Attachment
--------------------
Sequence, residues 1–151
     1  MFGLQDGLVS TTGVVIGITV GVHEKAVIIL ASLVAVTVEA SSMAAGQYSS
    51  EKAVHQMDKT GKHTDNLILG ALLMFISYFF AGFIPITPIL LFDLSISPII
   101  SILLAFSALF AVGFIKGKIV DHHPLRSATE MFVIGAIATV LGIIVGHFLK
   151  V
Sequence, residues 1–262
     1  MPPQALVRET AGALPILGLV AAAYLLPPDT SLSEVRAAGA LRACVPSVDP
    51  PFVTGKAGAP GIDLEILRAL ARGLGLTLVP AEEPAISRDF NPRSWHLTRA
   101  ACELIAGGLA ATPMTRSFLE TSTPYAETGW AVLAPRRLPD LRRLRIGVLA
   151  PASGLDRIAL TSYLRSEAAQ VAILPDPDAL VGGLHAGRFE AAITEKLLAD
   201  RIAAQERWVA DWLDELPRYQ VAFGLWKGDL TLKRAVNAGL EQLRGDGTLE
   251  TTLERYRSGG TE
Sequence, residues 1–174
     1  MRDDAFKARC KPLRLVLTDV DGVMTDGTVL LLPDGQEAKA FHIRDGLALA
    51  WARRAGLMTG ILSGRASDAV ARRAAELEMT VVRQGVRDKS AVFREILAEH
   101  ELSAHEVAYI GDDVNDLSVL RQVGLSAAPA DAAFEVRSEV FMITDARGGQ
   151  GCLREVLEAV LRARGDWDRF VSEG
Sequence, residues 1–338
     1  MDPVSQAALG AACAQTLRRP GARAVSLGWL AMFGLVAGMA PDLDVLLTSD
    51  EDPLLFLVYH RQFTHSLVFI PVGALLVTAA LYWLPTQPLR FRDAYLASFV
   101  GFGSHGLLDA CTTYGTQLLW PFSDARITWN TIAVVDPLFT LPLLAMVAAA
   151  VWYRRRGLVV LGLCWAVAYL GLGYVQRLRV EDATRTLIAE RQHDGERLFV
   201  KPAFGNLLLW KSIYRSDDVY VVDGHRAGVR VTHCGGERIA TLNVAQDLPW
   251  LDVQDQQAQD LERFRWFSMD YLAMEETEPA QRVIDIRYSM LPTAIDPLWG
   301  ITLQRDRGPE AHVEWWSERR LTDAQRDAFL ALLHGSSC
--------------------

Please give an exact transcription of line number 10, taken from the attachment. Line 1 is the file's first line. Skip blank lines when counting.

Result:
   151  PASGLDRIAL TSYLRSEAAQ VAILPDPDAL VGGLHAGRFE AAITEKLLAD